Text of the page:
Ebola Outbreak Brings Fear To Africa
Ebola is a disease that strikes fear into the hearts of those who might be at risk. A new epidemic is spreading through the African country of Guinea at an alarming rate and surrounding countries are taking action to prevent it crossing their borders. It is probably too late and containment is the priority. What do we know about EVD, Ebola Virus Disease, and what makes it so deadly and so terrifying?
Ebola was first identified in two separate but simultaneous outbreaks in 1972. One was in Sudan and the second in Yambuku in the Democratic Republic of the Congo, close to the Ebola River from which the virus takes its name. The disease is common in animals like chimpanzees, monkeys, gorillas, antelopes, porcupines and fruit bats. But in the 1972 outbreaks, the virus made the transition from animal to man. Any contact with these animals could have been responsible. Many of them form part of the diet of the local population.
The death rate for those who contract this disease is anything up to 90 percent, depending on the particular strain of the virus involved. So chances of survival are slim, especially as, in many areas where Ebola is found, medical facilities are poor and thin on the ground. It is most common in remote areas of Central and West Africa, in villages that are often close to tropical rain forests. It can spread rapidly, making it hard to control. It is passed from human to human by direct contact, but also by contact with body fluids or organs, as well as with any part of the environment, even things like a shared towel that has been contaminated. Funerals of the deceased are a major risk, as contact with the body can pass on the infection. Survivors can remain a source of infection for up to seven weeks. Medical and support workers are at great risk, both from contact with patients and from samples and specimens, which are considered extreme biohazards.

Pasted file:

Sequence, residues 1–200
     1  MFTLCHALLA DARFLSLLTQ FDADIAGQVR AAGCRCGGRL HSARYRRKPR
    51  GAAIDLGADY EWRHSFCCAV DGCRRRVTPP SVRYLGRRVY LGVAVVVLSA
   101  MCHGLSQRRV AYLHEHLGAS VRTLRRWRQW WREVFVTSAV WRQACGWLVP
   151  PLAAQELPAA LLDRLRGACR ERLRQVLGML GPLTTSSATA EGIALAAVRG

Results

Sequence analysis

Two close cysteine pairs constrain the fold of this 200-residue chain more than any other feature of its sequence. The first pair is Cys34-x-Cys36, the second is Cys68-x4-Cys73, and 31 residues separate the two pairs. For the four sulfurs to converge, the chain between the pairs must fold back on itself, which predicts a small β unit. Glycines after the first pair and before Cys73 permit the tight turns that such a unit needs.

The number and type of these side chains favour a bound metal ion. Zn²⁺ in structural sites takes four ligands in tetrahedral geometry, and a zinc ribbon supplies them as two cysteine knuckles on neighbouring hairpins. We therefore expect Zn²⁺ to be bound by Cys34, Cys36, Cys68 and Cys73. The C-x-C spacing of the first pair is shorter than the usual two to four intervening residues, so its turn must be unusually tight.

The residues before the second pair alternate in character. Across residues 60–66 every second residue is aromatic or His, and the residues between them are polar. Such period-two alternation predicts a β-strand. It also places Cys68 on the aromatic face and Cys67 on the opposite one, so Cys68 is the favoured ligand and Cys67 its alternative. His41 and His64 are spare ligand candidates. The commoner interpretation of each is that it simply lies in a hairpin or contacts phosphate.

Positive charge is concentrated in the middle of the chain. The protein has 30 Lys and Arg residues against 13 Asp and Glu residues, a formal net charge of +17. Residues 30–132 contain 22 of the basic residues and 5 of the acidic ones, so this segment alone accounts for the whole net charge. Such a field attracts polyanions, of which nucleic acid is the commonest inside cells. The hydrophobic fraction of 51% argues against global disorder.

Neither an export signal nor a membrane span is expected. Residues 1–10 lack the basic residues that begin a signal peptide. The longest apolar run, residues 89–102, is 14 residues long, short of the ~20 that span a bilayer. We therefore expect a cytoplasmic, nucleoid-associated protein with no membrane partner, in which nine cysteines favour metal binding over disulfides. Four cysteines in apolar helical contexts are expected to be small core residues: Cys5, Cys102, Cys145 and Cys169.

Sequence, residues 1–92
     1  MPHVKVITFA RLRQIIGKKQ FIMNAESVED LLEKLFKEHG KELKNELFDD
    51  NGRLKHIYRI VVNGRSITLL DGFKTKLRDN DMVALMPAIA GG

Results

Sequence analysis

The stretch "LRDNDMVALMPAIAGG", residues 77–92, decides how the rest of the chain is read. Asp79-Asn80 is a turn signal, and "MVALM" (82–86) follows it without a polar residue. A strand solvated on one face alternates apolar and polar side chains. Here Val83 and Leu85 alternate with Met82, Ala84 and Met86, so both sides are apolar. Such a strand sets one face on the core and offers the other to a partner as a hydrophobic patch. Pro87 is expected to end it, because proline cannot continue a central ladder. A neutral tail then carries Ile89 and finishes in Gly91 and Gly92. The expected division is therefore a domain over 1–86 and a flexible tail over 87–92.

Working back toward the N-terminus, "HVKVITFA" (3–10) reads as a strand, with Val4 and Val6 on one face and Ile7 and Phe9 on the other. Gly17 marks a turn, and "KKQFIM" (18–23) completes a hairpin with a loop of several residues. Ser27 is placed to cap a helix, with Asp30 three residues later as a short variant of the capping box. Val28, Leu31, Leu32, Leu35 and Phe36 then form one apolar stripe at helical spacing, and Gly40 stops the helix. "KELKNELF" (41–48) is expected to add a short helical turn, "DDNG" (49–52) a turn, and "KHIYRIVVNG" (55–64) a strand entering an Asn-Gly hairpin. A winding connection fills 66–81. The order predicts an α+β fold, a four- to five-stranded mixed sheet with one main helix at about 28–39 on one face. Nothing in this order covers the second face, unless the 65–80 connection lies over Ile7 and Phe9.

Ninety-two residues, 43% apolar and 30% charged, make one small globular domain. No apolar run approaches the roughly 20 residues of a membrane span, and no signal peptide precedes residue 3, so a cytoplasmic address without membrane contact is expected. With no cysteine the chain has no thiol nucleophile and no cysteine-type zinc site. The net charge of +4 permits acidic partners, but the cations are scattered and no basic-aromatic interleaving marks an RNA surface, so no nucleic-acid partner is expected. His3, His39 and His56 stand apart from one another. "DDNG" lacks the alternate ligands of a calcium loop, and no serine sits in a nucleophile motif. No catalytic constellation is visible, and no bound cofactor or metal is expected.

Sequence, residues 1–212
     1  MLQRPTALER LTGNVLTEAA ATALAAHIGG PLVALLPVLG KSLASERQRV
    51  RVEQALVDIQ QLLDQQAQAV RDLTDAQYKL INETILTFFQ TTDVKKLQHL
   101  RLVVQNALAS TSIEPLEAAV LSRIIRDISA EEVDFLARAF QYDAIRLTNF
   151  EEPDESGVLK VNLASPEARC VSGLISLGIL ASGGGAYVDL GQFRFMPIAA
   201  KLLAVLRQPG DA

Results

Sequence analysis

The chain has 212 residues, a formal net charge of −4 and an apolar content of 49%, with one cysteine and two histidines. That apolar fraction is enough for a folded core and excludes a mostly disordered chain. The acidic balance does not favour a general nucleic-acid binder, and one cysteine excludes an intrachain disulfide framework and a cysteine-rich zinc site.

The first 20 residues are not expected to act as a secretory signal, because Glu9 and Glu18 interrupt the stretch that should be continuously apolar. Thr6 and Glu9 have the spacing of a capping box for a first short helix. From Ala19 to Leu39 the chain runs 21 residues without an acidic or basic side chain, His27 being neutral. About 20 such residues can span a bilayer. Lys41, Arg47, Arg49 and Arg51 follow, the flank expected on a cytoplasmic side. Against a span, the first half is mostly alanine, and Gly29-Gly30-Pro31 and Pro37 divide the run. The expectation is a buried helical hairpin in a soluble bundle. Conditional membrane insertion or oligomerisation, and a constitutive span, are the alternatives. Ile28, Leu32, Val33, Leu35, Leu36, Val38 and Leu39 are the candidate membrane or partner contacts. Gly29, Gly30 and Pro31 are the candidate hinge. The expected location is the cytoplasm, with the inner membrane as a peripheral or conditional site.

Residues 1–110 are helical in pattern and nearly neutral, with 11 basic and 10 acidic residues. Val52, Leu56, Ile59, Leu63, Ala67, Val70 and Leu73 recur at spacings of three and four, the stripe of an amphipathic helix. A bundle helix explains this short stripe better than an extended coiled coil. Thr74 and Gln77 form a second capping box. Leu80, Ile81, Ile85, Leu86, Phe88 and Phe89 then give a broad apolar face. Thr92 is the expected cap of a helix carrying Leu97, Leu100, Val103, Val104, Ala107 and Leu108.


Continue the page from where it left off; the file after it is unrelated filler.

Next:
EBV is a severe acute viral illness. It can take from two to 21 days after contamination for signs of infection to occur. The first symptoms are almost flu-like, usually consisting of sudden high fever, extreme weakness, sore throat and painful muscles. This is soon followed by violent vomiting and diarrhea, rash, and impaired liver and kidney functions. Another common symptom that makes Ebola so dramatic is internal and even external bleeding. Although vaccines are being tested, as yet there is no preventative or cure available and no specific treatment.
In the current outbreak, thought to be from one of the most virulent strains, 122 cases have been identified in Guinea and at least 80 of those have died so far, along with a further four people in Liberia. There are unconfirmed cases in Sierra Leone. What concerned health workers most was the unprecedented way in which the current outbreak occurred simultaneously in several widely separated areas at once. Worryingly, the infection has reached Guinea’s capital Conakry with a population of 2 million.
Fruit bats are a delicacy in the areas where this outbreak first appeared and WHO â€“ the World Health Organization â€“ is advising people against any contact with these and other animals that could be a source. Guinea has banned the sale and consumption of bats. Liberia’s health minister has advised people not to shake hands, kiss, or have sex. Countries neighbouring Guinea are restricting travel and Senegal has closed its border with Guinea.
The European Union has pledged support in dealing with the problem and charities and medical teams are doing what they can but this is a serious outbreak with the potential to become the worst ever recorded.
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